Since the Velvet Revolution of 1989, Czechoslovakia’s underground movements have been slowly rediscovered and the numerous communities of musicians, poets and fine artists accorded their proper place in history. Meanwhile, underground films from the 1980s – and the stories of the men and women who made and watched them – have languished undiscovered for nearly 30 years. A whole subculture disappeared after 1989 – not just the physical reels of film but also the industry that sustained it. At long last though, the history and output of underground cinema in Prague’s final decade of communism is being unearthed and studied, and to mark the occasion, as part of the Open City Docs Festival 2015, the Czech Centre hosted a number of events: Czech Docs in London.
On 20th June, Czech filmmaker and film theoretician Martin Blažíček introduced four short films made by an underground community living on the outskirts of Prague in the 1980s: a time when Czechoslovakia had been in the grip of communism for more than three decades. While the filmmakers’ activity wasn’t exactly legal, the state was more permissive about these things than they previously had been, and this marked a considerable change: a decade earlier, following 1968’s fleeting Prague Spring, Alexandr Dubcek’s popular liberal reforms had proved too much for the Kremlin, who retaliated by invading Czechoslovakia with half a million troops. The Communist Party had hardened its resolve and in the ensuing purge half a million members were expelled – with a corresponding emasculation of the arts. The era of ‘normalisation’ had begun: a façade of apparent unbridled joy and prosperity promulgated by the state whilst – in reality – deadening routine and rigidly enforced silence sapped people’s lives and energies. Communism’s final two decades were characterised by cynicism and a soul-destroying atrophy: an attitude of ‘we pretend to work and they pretend to pay us’ increasingly prevailed. Humour and satire provided relief and exposed the gap between socialist rhetoric and reality: seeking to breach this chasm and grasp some meaning in their lives, there was an outpouring of resistance by artists and intellectuals.
Those making the films in the 1980s used multiple pseudonyms, a tactic that both aided their camouflage from state view and abetted the illusion that, in this underground movement, hundreds were involved. The reality was very different – about 10 directors produced more than 80 short films, and astonishingly all were shot on one Super-8 camera shared between the lot of them. In fact their work can be dated, with near exactness, from the camera’s purchase in 1981 until 1986, when someone lost it. The films were screened in private houses – typically invitation-only events where you had to know someone – and only about 50 people in total were involved in making and consuming them: the majority of this group having day jobs provided by the state, in factories or on the land.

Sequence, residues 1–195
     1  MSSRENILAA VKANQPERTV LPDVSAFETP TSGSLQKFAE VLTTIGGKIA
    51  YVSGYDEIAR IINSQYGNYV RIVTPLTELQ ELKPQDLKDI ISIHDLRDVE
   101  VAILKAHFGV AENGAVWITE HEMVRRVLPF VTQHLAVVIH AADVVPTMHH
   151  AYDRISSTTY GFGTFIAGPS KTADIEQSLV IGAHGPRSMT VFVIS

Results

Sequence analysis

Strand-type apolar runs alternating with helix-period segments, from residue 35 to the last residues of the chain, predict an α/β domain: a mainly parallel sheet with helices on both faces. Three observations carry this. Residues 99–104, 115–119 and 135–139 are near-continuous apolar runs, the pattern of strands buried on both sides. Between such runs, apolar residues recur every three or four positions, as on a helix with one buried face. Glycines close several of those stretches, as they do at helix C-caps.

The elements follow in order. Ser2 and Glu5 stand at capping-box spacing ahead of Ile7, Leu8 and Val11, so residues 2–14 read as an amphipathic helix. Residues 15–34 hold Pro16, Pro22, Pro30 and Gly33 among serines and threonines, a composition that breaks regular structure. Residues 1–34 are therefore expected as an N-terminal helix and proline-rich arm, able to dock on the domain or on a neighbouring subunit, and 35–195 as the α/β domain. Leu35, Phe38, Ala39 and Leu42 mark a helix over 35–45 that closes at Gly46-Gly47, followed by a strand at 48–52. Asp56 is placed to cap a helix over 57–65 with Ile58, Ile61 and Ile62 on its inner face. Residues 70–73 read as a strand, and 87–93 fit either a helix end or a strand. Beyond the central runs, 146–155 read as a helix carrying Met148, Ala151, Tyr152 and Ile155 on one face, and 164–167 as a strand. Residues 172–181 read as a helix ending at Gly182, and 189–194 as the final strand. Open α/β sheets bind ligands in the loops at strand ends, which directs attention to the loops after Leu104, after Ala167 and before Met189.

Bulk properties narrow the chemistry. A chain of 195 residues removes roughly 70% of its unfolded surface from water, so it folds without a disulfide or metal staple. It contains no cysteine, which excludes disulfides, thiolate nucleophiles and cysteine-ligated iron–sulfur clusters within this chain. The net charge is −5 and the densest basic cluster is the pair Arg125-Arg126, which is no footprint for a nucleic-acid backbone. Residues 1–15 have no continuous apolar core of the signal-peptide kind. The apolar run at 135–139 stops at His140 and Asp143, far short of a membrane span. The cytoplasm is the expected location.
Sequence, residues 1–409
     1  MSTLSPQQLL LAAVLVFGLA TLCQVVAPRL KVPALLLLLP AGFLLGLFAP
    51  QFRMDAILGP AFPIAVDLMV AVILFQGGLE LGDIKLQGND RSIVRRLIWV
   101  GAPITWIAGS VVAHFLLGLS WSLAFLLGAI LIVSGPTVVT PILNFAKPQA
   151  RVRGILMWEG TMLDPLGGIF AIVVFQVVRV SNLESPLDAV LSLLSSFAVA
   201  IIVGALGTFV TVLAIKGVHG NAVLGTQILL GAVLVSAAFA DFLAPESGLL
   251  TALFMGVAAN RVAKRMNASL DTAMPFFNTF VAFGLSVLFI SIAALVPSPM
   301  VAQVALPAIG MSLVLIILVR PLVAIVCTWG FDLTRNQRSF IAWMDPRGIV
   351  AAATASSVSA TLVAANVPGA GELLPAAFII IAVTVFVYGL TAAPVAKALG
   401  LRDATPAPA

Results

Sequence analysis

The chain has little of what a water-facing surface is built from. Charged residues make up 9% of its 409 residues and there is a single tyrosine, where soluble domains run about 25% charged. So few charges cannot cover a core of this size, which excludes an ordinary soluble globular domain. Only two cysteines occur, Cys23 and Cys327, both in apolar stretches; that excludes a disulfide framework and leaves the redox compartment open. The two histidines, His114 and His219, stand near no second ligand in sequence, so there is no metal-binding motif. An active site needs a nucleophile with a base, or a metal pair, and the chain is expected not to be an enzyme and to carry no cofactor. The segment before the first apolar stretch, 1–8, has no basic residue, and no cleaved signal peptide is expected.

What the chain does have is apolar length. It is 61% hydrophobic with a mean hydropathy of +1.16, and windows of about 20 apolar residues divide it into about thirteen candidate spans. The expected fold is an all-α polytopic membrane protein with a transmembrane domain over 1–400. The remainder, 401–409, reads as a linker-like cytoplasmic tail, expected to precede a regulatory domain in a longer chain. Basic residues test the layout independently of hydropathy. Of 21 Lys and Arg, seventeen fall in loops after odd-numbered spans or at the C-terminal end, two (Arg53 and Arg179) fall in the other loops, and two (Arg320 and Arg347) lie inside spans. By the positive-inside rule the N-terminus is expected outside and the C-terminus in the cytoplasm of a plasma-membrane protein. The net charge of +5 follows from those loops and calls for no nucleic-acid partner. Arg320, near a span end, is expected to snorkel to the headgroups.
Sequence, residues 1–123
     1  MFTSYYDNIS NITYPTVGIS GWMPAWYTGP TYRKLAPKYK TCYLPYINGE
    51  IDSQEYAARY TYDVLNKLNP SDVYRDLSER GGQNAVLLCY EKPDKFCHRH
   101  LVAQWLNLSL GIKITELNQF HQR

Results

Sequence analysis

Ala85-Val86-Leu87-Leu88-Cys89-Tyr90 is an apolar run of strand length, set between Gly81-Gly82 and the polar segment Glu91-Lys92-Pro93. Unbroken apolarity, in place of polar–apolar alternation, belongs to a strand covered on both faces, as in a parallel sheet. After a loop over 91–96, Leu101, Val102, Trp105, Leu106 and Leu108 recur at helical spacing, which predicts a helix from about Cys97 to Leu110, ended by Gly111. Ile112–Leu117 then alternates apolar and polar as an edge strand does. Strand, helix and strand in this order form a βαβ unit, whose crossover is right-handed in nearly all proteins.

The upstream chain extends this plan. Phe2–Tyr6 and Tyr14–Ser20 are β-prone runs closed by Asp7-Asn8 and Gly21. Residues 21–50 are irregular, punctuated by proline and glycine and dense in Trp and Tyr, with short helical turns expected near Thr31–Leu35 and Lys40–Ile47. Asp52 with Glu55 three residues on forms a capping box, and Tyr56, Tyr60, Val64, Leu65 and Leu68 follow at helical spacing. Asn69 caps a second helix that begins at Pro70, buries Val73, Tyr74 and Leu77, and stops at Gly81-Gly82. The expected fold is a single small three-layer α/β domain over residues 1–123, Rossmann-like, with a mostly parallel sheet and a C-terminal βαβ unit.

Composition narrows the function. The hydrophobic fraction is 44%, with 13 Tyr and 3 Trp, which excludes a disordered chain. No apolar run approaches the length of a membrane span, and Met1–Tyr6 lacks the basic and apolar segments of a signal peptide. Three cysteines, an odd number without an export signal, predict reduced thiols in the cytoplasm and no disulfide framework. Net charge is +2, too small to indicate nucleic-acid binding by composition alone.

Blažíček, who’s been studying the films and interviewing some of those involved, says the group’s motive for making the films was primarily boredom – they were bored with official state cinema and bored with their day-to-day existence. That they were ‘artists’ was an idea the group flatly rejected, deeming art useless and pointless: they had simply wanted to film their own lives. While the films are cultural products of a very specific time and place, it’s hard nonetheless not to place them in a tradition of experimental film-making, the four short films Blažíček selected showing an apparent – and profound – debt to the 1930s Surrealists (though one questions how films like Jean Cocteau’s Blood of a Poet (1930) became a touchstone for thos behind the Iron Curtain). Hand (Carodĕj Oz , 1986) is a case in point, a 5-minute short pivoting around a bony, gnarled hand that crawls tarantula-like over a dark terrain, disembodied from its owner. Likewise, A Fairy Tale for Madmen (Pigi, 1985) is a 20-minute melancholic psychodrama about a woman who thinks the world is a zoo – metamorphosing, in the last scene, into a she-bird desperately trapped in a snowy landscape, flapping her wings but getting nowhere. Both films hint at a pervasive claustrophobia and ever-present sense of menace.
In the aftermath of 1989’s Velvet Revolution, as forty years of communism drew to a bloodless close, the Super-8 films were shelved and most of them stored in a freezer – until six years ago when a major power cut resulted in their being covered in congealing, melting meat products. A long and painstaking process of restoring and digitising the films is now underway, and despite the filmmakers’ denial of their artistic value, the works are being recognised as something of goldmine, a unique product of their time and place, providing rich and enlightening material on that most reliably mystifying of periods in European history: the recent past.
Diaries and Communities: Czech Underground Cinema in the 1980s was screened on June 20th as part of the Open City Docs Festival 2015, supported by the Czech Centre London.